All startups should be thinking, “What frustrates me and how can I make it better?” It might be a small thing or it might be a big thing, but that’s the best way for them to think. If they think like that, they’re likely to build a very successful business.~ Richard Branson

Starting a Business is Step One, of course, but after that the assignment switches to  Making it Better. Not only does Step Two last longer, it becomes an on-going challenge—and source of creative fun.

Here are some idea starters for days when you feel stumped.

° Every day ask yourself these questions and listen for the answers. Those deceptively simple questions are:

What can I make today?

How can I make it better? (It being anything that is right in front of you.)

How can I amaze myself today?

° Goals aren’t enough. As valuable as formal goal setting is to the process of building a business, it’s not the only tool for growing.  A manifesto, a motto and a mantra (or two) will add power to your goal achievements.

A manifesto is your personal statement of why you do what you do. Avoid corporate gobbledygook  in writing yours.

A motto and a mantra are similar, but not quite identical. One definition of a motto says, “A maxim  adopted as a guide to one’s conduct.”

A mantra, on the other hand, is also a short statement, but may be one that begins with “I am” and includes a reminder of the kind of person you are working to become.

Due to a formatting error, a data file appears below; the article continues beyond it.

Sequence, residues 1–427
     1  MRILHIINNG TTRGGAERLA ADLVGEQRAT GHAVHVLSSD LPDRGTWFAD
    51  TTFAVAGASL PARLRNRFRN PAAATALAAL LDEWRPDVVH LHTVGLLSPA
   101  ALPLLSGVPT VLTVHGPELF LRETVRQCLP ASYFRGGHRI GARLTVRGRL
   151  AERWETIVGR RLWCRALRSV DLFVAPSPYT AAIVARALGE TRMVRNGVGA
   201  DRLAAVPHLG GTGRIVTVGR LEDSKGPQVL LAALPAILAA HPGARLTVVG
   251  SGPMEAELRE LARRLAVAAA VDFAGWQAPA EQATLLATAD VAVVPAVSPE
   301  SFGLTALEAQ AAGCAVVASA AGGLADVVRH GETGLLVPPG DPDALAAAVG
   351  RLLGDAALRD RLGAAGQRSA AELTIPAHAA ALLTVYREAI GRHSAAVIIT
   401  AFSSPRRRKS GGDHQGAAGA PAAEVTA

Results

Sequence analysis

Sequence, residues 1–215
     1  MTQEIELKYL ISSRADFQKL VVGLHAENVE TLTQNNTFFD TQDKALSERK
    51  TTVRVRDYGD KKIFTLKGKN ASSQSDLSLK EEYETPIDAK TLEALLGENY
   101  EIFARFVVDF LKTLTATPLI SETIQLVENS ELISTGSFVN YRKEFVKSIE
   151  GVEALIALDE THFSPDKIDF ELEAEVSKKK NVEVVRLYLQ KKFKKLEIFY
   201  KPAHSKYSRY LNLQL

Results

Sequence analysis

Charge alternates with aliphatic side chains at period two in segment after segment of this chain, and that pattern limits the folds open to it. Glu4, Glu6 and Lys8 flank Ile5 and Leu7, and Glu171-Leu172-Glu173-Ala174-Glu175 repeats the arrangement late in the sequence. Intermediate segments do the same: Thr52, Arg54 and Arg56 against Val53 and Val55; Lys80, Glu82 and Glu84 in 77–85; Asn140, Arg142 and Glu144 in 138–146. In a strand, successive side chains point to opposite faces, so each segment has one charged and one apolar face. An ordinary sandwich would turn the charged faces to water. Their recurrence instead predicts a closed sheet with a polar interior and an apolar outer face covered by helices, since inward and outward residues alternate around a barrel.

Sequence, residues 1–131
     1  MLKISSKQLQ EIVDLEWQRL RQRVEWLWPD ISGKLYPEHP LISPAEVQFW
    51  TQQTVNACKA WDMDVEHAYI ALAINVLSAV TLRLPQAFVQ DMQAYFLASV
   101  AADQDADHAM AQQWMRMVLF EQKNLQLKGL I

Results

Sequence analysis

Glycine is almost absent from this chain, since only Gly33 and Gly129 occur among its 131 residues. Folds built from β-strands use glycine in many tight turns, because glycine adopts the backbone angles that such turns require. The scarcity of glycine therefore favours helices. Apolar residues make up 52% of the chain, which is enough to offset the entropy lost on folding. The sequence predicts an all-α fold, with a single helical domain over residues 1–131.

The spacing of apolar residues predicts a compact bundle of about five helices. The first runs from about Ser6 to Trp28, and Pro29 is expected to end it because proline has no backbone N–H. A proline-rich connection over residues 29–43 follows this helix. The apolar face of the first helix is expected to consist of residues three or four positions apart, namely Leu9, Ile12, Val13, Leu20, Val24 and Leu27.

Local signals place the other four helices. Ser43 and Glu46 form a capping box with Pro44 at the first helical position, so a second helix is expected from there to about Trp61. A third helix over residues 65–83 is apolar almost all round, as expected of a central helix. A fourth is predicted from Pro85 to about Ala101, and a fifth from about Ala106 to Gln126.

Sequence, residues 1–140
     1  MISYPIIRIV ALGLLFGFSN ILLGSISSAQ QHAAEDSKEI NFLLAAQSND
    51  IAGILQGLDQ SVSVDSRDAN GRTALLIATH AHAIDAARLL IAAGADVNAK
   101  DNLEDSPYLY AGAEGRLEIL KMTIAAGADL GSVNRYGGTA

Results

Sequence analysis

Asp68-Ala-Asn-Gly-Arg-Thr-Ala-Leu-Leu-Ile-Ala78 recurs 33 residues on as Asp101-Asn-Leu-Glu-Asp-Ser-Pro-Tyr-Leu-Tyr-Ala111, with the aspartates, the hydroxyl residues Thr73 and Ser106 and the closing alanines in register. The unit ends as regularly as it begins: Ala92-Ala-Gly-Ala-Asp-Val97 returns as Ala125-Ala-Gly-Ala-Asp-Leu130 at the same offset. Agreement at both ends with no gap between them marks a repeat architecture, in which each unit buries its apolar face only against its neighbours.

All three of these word tools can strengthen focus and, even, simplify decision-making.

° Put the odds in your favor. According to the National Business Incubation Association, 80-90% of businesses are still operating after 5 years where the founder has received entrepreneurial training and continues with a network group, as compared to a 10% success rate for those who do not receive training.

Be a voluntary student as often as possible.

° Get fussy about your customers and clients. When we’re a new little business, teetering towards success, it may be prudent to take on any and all comers. (Our early customers can be fine teachers, by the way.)

As your business matures, your notion about who you can best serve—and who can be the most joyful for you to work with—may become clearer.

A written statement about your ideal customer can help you weed out the ones who are going to waste your time, be difficult or simply inappropriate.